Instead, I recommended purging all textbooks in favor of subscriptions to educational magazines for all students.

There are a number of benefits. We'll start with what will make your administration happy--They are directly aligned with Common Core standards. (They have to be, in order to sell, these days, so that's an easy one.) CCSS urges an increasing amount of nonfiction in the classroom, and magazines provide age-appropriate nonfiction articles on a regular basis. 

On top of that, the articles typically relate in some way to current events, providing a good basis for authentic learning and discussions.

Got digital readers in your classroom? Perfect. A lot of magazine subscriptions can be delivered digitally. No digital readers? No worries, they also come in paper version.

But I think the most important point is that these magazines are specifically designed to attract students' attentions. Most have full color photographs with eye-catching headlines. They use authentic language that doesn't scare students away and also doesn't come off as trying too hard. (I know that in many instances, I tend to shy away from something designed specifically for children, but this isn't one of those instances. These magazines don't come off as patronizing or trying too hard to be cool, at least the good ones. They were designed properly.) As a para, I worked in a few classrooms that used educational magazines, and the students devoured them, cover to cover. Effective, indeed.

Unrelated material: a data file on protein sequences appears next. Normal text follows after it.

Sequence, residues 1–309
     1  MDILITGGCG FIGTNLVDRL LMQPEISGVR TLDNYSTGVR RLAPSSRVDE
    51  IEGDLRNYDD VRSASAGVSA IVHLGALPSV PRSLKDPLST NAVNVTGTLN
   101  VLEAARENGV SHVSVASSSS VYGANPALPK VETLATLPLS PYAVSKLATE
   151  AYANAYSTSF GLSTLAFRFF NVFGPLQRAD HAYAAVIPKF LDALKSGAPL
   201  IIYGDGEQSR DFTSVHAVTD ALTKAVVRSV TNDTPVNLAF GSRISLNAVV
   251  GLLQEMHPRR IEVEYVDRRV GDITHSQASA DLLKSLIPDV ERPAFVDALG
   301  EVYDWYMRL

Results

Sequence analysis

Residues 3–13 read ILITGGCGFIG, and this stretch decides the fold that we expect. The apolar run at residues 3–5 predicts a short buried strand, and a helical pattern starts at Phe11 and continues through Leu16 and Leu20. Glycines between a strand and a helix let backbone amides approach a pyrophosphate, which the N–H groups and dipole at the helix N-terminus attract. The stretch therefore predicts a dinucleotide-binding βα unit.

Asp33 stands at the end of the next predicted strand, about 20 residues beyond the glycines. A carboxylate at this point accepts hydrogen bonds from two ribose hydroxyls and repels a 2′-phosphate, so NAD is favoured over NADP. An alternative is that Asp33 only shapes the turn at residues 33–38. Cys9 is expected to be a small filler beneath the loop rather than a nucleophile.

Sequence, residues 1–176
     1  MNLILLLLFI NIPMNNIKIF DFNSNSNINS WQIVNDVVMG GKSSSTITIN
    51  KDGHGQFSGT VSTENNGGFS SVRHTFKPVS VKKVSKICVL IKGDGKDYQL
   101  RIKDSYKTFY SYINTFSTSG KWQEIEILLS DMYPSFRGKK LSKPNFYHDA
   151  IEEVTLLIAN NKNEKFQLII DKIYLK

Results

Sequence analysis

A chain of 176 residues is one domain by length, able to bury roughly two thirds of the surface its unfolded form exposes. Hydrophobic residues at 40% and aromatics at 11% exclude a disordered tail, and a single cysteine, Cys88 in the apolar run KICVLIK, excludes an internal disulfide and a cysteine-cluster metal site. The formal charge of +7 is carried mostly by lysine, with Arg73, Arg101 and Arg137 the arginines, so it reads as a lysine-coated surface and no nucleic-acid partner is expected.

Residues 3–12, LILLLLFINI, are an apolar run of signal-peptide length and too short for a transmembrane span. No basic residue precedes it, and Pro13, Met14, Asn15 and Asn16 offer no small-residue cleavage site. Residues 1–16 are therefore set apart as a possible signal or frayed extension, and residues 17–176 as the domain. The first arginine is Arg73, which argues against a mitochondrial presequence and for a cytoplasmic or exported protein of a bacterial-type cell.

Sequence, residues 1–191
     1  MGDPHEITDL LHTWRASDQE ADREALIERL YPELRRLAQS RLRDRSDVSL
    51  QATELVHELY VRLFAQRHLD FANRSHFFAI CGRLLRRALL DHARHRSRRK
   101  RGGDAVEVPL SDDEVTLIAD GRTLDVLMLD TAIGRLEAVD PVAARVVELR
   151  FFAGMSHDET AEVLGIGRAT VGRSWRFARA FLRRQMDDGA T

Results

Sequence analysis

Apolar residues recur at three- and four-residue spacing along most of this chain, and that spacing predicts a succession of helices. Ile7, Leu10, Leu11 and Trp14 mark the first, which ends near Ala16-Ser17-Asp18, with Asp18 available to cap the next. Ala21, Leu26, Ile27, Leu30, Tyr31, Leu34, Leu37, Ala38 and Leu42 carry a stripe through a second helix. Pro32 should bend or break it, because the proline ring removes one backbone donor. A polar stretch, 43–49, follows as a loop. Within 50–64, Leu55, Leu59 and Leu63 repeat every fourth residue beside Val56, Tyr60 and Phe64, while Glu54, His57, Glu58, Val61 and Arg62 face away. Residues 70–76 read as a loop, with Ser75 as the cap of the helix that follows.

Alright, so what magazines am I talking about? Give us some examples. Here are the ones I found, though this may not be a comprehensive list: